December 7, 2021

Fork This! Paranoids’ Grafeas Improvements Add Amazon RDS Support and Speed-Up Queries

Note: Verizon Media is now known as Yahoo.

Stylized illustration of a file and a target over it.

In October, the Paranoids — the information security team inside Yahoo — added key contributions to Grafeas, an open-source supply chain auditing tool.  

Grafeas enables us to store critical metadata from various events that happen during the software development life-cycle including: 

  • Commit events that identify source code repository and authors
  • Dependency information, which lets us know internal and external libraries or packages the software depends on
  • Build metadata that provides information about a build environment
  • Artifact metadata, which tells us what the artifact is composed of, version information, etc
  • And vulnerability scan results.

Ultimately, the Paranoids use this data to decide whether a particular version of software can be deployed to production. It enables us to enforce security policies such as preventing the deployment of software with known vulnerabilities. 

This is part of our overall software supply chain security strategy.

Now, on to Grafeas! Most importantly, we added support for AWS Relational Database Service (RDS) through a connector, grafeas-rds. It is now one of the recommended storage backends for Grafeas.

For us, Grafeas is a critical piece of infrastructure. Downtime is unacceptable. 

With RDS, we get the benefits of improved scalability and reliability — sans managing our own backend database.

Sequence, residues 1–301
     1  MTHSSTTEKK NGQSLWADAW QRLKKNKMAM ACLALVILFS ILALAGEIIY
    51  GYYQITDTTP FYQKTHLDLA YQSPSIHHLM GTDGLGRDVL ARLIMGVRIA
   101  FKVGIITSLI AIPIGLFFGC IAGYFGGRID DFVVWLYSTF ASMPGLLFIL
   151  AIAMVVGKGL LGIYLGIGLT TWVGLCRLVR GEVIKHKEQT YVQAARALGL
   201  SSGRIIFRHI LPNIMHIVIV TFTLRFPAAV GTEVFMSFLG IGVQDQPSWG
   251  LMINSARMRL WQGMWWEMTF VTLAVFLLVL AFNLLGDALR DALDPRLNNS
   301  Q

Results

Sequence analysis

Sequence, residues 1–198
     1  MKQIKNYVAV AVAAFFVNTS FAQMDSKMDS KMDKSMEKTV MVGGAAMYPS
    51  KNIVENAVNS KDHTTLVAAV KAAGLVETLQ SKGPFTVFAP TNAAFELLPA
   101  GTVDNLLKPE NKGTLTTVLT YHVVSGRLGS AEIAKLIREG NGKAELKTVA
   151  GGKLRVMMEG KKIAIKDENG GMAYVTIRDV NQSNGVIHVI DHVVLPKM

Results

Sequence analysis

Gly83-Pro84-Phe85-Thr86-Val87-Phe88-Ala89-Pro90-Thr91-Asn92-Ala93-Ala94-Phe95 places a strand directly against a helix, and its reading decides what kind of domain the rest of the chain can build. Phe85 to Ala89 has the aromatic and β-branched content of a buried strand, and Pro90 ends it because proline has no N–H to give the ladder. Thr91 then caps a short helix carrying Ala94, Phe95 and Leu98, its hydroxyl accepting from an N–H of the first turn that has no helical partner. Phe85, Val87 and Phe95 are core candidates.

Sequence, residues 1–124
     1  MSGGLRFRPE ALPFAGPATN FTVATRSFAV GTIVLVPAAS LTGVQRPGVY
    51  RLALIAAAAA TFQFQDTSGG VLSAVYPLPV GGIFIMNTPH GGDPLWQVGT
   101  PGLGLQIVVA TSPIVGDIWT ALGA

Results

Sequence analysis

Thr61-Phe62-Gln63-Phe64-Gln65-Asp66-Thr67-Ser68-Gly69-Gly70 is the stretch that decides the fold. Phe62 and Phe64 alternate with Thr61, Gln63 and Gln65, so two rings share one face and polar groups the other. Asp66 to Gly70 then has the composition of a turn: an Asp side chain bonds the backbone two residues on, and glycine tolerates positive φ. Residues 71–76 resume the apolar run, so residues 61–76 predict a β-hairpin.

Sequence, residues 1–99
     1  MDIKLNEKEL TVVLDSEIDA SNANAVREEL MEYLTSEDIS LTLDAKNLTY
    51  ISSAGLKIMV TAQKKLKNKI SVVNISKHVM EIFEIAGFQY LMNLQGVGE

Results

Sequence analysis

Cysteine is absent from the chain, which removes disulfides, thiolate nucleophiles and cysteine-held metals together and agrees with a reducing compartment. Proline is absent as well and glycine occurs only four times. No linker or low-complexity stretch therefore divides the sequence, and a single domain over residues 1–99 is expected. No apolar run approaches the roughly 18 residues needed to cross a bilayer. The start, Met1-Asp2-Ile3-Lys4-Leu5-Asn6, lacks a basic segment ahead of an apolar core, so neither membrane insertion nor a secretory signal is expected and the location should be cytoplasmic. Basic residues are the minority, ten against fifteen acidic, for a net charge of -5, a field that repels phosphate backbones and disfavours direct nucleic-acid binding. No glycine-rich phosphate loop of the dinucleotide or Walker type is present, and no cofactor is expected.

Using RDS also gave us an additional security benefit. It uses Amazon’s IAM system, which helps us audit and control access and eliminates the need for static passwords or credentials.

But that’s not all we’re doing to improve the open-source project.

We worked with the Grafeas community to improve support for vulnerability information standards. These standards include CVSS v2 and CVSS v3, with CWE support in progress. We also improved Grafeas by adding database filtering for PostgreSQL, ultimately making queries more efficient.

Why are we telling you this? We’d love to hear if our contributions are actually working for you. So, fork it.

About the Authors

Aditya Mahendrakar is an Engineering Director in the Paranoids group at Yahoo. In his current role, he leads a team of passionate individuals who research and build security capabilities into Yahoo infrastructure and applications that help defend against various attacks. 

Yonghe Zhao is a Software Dev Engineer in the Paranoids group at Yahoo. He is responsible for designing, implementing, testing, deploying, and maintaining security-related software systems at Yahoo. He uses Go, AWS, Ansible, Docker, Kubernetes, and PostgreSQL in his daily work.

We would like to thank Hemil Kadakia and Hsing-Yu Chen for their contributions.

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